• Laura Manivong permalink*
      August 5, 2009 9:46 am

      Sounds like you’ve done tons of research, and yep, there’s no one-size fits all query letter. Thanks, Jane!

  11. August 5, 2009 5:26 am

    This is great information, thanks for sharing it. Congratulations on your success!

    • Laura Manivong permalink*
      August 5, 2009 9:48 am

      Cheryl, so glad it’s helpful. Thanks a lot for letting me know.

  12. August 5, 2009 10:07 am

    Right! What I positively got from your sample was its wonderful and light-hearted and enthusiastic tone. And what I got from your reply is that there IS no “one size fits all” query letter and that the writer within us still has to find and manufacture that letter! Let’s see…I think I’m on query letter version #26 right now….Is this one the one that hits the spot????

    • Laura Manivong permalink*
      August 5, 2009 11:29 am

      Good luck, Jane! Btw, at the time I queried my agent, her agency had no website, and agentquery.com stated she wasn’t accepting queries, but I found an interview in which she said she likes to see two chapters with queries, so I’d found a nugget of info through research. Unless the policy specifically states “query ONLY,” I’ve heard many agents say to go ahead and include 5 sample pages, even if they don’t specifically state that in their submission policy. Fun stuff, all the contradictory stuff out there, huh?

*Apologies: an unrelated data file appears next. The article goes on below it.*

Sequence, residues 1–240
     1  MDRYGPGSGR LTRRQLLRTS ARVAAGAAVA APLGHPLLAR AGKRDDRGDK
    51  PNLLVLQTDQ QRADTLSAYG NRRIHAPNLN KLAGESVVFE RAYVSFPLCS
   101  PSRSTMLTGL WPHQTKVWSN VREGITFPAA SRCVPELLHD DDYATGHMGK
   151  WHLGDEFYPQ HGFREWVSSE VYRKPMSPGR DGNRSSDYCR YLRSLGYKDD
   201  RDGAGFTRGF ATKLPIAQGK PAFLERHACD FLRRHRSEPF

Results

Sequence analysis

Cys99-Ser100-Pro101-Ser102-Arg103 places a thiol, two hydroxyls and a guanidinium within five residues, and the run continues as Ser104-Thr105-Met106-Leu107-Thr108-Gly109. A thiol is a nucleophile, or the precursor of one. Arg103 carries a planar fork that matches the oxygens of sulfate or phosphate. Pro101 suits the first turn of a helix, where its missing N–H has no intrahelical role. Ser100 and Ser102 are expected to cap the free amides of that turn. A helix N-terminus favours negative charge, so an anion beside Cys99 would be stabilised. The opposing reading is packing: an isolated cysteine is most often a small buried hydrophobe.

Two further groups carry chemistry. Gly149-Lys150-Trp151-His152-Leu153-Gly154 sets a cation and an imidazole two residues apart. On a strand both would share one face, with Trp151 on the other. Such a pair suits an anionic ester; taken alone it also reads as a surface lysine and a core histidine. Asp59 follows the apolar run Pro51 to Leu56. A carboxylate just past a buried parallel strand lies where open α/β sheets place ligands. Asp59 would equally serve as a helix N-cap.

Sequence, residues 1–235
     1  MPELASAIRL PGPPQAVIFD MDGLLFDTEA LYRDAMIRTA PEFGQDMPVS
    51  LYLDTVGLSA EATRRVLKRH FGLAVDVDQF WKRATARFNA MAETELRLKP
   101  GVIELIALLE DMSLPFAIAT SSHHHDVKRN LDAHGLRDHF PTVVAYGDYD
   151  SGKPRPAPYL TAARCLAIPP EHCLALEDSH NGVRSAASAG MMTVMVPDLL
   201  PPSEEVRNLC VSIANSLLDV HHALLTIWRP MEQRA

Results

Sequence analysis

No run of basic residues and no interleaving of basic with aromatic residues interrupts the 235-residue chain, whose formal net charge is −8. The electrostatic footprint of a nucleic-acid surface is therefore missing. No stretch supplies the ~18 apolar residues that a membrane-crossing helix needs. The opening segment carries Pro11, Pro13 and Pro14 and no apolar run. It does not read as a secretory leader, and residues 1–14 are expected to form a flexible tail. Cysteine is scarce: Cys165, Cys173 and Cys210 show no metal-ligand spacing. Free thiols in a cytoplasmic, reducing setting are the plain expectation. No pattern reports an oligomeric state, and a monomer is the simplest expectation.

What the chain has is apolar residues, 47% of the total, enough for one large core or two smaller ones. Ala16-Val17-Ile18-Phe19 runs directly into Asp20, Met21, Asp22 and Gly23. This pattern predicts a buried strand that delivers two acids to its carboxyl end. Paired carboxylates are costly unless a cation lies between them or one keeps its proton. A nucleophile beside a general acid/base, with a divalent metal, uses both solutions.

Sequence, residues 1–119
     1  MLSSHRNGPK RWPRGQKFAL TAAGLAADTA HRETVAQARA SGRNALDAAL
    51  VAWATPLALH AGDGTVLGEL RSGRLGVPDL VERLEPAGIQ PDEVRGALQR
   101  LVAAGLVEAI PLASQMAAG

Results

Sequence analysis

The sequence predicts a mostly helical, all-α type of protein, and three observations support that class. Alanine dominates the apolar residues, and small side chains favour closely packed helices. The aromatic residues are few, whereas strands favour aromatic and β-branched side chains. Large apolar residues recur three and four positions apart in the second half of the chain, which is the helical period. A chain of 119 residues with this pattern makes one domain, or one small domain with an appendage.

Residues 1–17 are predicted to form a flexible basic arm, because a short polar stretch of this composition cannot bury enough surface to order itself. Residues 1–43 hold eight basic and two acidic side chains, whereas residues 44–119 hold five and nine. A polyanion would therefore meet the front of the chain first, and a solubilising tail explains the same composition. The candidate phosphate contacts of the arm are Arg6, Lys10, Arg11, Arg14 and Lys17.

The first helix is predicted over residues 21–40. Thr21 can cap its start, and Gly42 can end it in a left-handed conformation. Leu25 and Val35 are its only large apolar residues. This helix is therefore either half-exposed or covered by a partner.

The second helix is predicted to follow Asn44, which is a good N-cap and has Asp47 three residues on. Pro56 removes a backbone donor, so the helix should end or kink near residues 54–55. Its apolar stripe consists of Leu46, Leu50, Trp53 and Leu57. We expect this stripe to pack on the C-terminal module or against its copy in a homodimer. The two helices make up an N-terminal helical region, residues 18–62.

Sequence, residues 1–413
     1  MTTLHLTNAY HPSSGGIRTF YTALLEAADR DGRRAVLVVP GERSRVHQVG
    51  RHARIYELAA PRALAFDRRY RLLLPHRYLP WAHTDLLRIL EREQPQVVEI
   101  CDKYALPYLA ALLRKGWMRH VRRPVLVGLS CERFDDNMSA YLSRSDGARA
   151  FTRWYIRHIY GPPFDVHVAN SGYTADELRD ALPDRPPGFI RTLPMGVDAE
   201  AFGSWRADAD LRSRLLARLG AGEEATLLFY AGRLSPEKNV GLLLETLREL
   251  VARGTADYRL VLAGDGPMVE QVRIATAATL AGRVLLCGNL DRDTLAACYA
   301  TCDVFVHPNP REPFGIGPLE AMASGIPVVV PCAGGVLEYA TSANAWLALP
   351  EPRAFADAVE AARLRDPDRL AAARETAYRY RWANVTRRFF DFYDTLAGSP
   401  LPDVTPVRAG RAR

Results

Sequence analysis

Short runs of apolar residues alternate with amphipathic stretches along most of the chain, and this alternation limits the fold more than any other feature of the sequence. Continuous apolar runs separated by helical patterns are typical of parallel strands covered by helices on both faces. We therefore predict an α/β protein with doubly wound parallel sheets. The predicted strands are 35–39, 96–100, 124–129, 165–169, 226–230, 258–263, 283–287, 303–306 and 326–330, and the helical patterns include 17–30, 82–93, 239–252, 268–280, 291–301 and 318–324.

13. August 5, 2009 12:04 pm

    Yes, there you go! Thanks for this important insight – gleaned from experience and research. And of course if we are going to include 5 sample pages, we must paste it into the body of the email and NOT include it as an attachment.

  14. January 13, 2010 7:09 am

    A query letter is different from a cover letter, isn’t it?

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  1. Laura Manivong’s Successful Query Letter « Writing and Illustrating